Once you have established how much you will pay on the best fixed rate loan you can get, start getting quotes on adjustable rate loans. The first rule is to ignore the start rate unless it is the only way you can qualify. If this is the case, you cannot compare the adjustable to the fixed rate loan because you cannot qualify for the fixed rate loan at the amount that you are trying to borrow. If you are still determined to borrow this amount, ask the following questions.
• How much will the rate be after the start rate ends?
• What will be the amount of your monthly payment once that happens?
Do not settle for the answer that it depends on the rate at the time of adjustment. You want to know the rate and payment based on rates today. You then want to know the adjustment period and how it will affect your payment if it adjusts to the maximum allowed during each period. Follow the adjustment up to the cap. In other words, if the loan over the years adjusts to the maximum rate, what will be the interest rate and the monthly payment? Will this payment amortize over the term or will there be a balloon payment due?
In order to weigh the risk of the interest rate going all the way up to the cap, you have to know which index will be used. If the lender is using a lagging indicator, such as the Cost of Funds Index, there is less chance that it will rise to the cap. Even if it does, it will take much longer to get there than a leading indicator. This at least gives you more time to increase your income or eliminate other debts.
Once you have all this information, go back to your spending analysis. Could you afford to make the highest possible payment by cutting out unnecessary spending? If the answer is no, you are going to depend on interest rates not going up to the maximum, your income increasing, or paying off current debts to free up some cash. You may decide to take the risk. Many, if not most, borrowers do not even know the risk. If there is no problem with qualifying, you still make the same analysis. You are, of course, in a better situation. You are now trying to determine which loan will cost you the least without considering whether you can get the loan. Ignoring the start rate, you compare break-even dates for each type of adjustable loan.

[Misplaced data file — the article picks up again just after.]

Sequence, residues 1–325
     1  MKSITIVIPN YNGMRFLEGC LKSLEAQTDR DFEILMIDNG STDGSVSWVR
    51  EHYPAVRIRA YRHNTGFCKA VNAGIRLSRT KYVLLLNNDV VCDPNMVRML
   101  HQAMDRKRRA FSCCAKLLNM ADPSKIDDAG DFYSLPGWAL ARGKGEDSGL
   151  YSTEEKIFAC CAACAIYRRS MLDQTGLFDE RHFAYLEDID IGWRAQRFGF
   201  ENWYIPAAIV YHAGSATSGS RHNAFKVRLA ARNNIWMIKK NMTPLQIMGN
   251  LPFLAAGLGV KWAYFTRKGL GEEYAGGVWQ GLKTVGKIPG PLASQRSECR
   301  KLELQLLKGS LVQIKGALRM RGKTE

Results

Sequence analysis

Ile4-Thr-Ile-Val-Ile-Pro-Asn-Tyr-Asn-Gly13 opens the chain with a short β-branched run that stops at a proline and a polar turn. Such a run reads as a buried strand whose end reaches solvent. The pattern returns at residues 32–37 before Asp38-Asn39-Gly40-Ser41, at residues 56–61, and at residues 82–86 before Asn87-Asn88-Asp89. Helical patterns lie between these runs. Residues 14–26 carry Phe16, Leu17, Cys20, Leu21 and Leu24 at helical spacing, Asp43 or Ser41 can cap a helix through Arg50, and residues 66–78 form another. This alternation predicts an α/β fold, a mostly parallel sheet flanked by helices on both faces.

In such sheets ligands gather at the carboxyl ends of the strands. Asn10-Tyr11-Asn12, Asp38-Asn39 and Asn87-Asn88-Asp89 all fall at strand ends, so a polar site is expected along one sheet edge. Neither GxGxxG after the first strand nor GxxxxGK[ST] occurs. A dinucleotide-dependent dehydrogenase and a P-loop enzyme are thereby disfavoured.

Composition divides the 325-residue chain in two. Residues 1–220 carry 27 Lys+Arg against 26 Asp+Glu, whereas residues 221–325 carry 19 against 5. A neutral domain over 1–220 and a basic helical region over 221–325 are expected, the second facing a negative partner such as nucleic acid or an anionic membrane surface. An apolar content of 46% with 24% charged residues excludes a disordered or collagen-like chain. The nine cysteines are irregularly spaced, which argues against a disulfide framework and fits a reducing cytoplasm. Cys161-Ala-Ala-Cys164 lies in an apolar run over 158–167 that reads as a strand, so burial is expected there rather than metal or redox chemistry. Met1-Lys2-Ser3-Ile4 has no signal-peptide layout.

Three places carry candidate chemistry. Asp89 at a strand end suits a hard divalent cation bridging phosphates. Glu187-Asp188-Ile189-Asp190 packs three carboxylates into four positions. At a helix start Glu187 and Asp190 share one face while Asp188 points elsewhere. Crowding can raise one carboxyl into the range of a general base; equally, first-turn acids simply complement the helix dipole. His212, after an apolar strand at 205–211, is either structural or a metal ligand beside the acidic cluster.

For loans that are fixed for three, five, seven, or even ten years and then adjust, you have to compare the cost of each. You compare the rates, fees, and any prepayment penalties for these loans based on how long you intend to keep the loan.
Once you have found the best adjustable rate loan for your time period, compare it to the fixed rate loan. The time period is the critical part. Using the worst-case scenario, the adjustable rate loan will never be better than the fixed rate loan over the full term. The general rule is that the adjustable rate loan will almost always be better if paid off within five years, depending on a possible prepayment penalty. Extending it a few more years gets into uncertainty.
There are two variables that have to be considered. Whether rates will rise, fall, or stay stable is the first major consideration. If you believe that the economy is entering a period of rapidly increasing interest rates, the fixed rate loan is the obvious choice. If you believe interest rates may rise, but not too much or too fast, an adjustable loan, especially one using a lagging indicator, may be acceptable. Falling rates favor the adjustable loan since it is cheaper for the first few years and you will probably refinance as rates go down.
The second variable is how long you intend to keep the loan. Generally, shorter periods favor the adjustable loan. You can see that there are decisions to make based upon future occurrences. Since the future cannot be predicted with absolute accuracy, you cannot be absolutely sure that the loan you get will turn out to be the least expensive over the years. Preparing yourself to make the decision based on solid information, rather than advertising and lures of low payments, will most likely make your decision the correct one.